The two (complex and sparsely populated) are of course joined at the hip. Complex organizations are hard to mimic and challenging to maintain at a high operational level and, let’s face it, lawyers can reach quite senior levels in their firms blissfully free of exposure to management or, really, Business 101.
That brings us to the first characteristic of Splendid Grays, which can be a show-stopper right out of the blocks: The senior people running the place must be drawn primarily from across a well-balanced blend of business professionals:
- pricing and project management specialists,
- data analysts,
- client relationship managers,
- process optimization experts,
- interface and design developers;
- and much much more.
Yes, they will “run the place” in intimate partnership with the lawyers, but the lawyers’ role will be constrained and not imperial. They–and the business professionals alike–need to do what they do best and can have no right to second-guess others in their specific areas of expertise.
This will be hard, bordering on impossible, for many lawyers to swallow. Lawyers are so used to being in charge at law firms, lock, stock, and barrel, that they may almost be unaware of it, and if brought to their attention, any other state of affairs will be ruled out as unthinkable.
Lest you think I jest, my partner Janet Stanton was presenting at a large law firm retreat about a year ago, when she made the seemingly anodyne observation that referring to “non-lawyers” within the firm was demeaning: “Are there ‘non-doctors’ in hospitals?,” she asked rhetorically. The rather plaintive objection was immediate: “But, then, what are we supposed to call them?”
And have you noticed how many senior people at law firms running (for example) marketing or technology or “innovation” initiatives have JD’s? Yes, to some extent it’s a statistical artifact resulting from people with JD’s tending to spend their formative years inside law firms, but the voiced preference of many law firm leaders that those positions be filled by JD’s is clear and present (and highly irrational).
May I point out a certain asymmetry here? It would never cross the mind of a business professional to second-guess a lawyer’s litigation strategy or transactional negotiating technique, but it seems irresistible for lawyers to presume they “know better” than almost any businessperson, and to get in their way, second-guess them and veto their decisions if they can get away with it, and of course demoralize and demean the businesspeople in the process.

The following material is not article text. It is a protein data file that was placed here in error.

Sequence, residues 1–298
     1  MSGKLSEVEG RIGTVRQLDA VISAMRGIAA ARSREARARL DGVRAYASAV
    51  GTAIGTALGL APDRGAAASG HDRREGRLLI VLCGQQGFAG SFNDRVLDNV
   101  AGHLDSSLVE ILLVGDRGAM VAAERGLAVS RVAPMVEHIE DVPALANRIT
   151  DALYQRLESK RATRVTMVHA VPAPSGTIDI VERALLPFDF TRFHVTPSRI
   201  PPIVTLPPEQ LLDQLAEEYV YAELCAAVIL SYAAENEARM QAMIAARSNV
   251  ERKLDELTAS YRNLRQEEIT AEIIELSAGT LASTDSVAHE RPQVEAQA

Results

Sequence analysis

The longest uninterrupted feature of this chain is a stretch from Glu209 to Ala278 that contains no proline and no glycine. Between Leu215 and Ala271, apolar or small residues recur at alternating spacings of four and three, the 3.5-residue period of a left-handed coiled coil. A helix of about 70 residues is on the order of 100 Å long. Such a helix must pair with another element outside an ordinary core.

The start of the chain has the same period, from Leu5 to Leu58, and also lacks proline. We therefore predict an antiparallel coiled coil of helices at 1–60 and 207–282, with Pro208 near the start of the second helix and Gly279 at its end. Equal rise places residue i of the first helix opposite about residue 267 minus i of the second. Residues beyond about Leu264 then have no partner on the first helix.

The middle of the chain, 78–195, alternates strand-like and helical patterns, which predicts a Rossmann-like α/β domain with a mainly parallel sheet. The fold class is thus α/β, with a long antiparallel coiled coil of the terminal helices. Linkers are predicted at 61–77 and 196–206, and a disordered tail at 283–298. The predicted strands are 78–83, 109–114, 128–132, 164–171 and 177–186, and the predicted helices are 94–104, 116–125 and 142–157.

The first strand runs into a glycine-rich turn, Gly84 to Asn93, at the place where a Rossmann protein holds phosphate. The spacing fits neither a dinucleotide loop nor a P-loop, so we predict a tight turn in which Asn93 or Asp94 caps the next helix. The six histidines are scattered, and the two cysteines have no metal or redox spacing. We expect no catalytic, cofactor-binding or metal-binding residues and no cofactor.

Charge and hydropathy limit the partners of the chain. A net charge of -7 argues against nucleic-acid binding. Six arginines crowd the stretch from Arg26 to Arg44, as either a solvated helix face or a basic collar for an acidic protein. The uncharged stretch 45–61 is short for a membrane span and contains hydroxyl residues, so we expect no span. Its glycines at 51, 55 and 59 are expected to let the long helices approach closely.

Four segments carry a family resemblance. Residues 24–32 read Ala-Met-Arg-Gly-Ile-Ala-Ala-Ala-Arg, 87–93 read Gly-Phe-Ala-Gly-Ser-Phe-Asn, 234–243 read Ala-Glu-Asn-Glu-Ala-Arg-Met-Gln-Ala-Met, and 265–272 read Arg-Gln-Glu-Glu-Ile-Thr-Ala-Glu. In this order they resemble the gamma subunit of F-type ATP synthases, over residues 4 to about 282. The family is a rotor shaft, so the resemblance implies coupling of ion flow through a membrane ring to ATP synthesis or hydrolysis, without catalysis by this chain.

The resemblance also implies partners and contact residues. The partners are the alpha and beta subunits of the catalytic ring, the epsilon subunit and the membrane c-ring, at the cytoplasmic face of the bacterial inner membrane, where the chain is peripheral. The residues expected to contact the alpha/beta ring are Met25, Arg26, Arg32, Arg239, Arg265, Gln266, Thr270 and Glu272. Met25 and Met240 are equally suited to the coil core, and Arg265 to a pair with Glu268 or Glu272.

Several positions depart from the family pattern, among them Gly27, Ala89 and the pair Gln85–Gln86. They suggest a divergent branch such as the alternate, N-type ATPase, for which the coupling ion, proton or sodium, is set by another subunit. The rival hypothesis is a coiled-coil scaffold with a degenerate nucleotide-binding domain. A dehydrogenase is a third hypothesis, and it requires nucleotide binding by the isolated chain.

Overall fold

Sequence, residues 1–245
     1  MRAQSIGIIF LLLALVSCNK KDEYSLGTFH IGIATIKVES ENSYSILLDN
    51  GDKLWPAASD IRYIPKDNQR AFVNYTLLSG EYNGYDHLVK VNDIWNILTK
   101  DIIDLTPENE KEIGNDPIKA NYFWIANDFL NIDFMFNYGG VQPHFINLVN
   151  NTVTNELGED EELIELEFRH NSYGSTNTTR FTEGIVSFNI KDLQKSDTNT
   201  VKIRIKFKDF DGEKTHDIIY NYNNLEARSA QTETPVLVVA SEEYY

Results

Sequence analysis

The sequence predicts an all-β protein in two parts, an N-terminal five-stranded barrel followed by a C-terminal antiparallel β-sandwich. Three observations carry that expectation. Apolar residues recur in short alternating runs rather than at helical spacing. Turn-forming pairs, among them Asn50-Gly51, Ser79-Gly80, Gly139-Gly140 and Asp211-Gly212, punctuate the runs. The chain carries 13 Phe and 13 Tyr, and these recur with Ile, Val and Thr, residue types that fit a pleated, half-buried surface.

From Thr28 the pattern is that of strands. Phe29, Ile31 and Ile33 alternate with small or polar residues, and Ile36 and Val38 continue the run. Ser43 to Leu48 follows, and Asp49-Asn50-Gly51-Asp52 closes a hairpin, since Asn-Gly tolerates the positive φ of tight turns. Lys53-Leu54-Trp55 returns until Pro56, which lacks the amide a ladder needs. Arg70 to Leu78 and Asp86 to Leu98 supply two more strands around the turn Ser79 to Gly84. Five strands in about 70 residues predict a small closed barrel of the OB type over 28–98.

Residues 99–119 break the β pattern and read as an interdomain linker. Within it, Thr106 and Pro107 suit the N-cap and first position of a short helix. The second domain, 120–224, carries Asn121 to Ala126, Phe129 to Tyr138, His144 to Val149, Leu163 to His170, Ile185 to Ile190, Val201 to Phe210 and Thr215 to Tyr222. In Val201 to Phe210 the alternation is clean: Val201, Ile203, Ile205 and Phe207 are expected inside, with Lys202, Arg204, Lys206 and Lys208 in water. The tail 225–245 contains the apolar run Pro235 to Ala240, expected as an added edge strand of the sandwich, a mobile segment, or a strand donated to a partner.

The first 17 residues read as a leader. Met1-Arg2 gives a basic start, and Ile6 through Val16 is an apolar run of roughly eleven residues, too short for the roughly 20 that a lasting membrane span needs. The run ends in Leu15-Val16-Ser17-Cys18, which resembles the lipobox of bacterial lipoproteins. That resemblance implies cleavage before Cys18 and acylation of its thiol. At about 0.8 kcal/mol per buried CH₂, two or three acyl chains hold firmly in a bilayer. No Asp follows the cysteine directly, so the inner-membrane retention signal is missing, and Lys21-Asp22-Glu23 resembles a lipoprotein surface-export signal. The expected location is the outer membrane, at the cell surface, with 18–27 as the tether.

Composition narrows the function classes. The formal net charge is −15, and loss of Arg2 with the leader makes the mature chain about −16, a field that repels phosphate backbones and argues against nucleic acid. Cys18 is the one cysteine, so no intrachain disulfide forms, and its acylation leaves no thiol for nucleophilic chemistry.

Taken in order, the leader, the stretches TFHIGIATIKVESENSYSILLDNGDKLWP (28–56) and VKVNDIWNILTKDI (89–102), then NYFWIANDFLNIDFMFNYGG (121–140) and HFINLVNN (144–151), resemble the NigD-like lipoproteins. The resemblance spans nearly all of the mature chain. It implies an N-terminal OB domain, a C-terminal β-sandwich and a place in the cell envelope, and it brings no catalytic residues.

This reminds me of the school of thought among foreign relations experts that the concept of “national sovereignty” stands for respecting each nation’s right of self-determination and autonomous governance, unless you happen to be China, in which case it means China’s sovereignty over other nations as convenience and self-interest might dictate.
As is often the case, then, one of the foremost challenges to adopting a strategic positioning–in this case that of being a Splendid Gray, with all the high-powered business and operational expertise that entails–is that the native culture of the firm onto which the strategy is being grafted will reject the implant, its life-saving or therapeutic benefit be damned.
I have no snappy riposte to this dilemma and no “seven habits…” to help you get over it, but if you aspire to being a Splendid Gray, get over it you must.
The market will not be kind unless you do, because remember, the competitive set of Grays is not just other Grays, but in-house departments (we can do this non-brain surgery ourselves) and NewLaw. Being a Splendid Gray means far more than being better than other middle of the pack Grays (outrunning your friend in the woods, as the old joke has it), it means outperforming the bought-and-paid-for expertise of inhouse counsel and beating NewLaw at its own game of predictability, reliability, repeatability, and relentless cost minimization.
None of this will be possible if you can’t bring yourself, and your partners, to (a) seek out and hire the most highly qualified business professionals you can persuade to sign up; (b) pay them their full market worth, and maybe a risk premium on top of that because they’ve seen what can come from signing up for a tour of duty at a law firm; and (c) get out of their way.
Few firms will be capable of doing that, or of sticking with it long enough to see it bear fruit. That’s why the Splendid Gray quadrant is sparsely populated. And why squarely planting your flag there could be richly rewarding.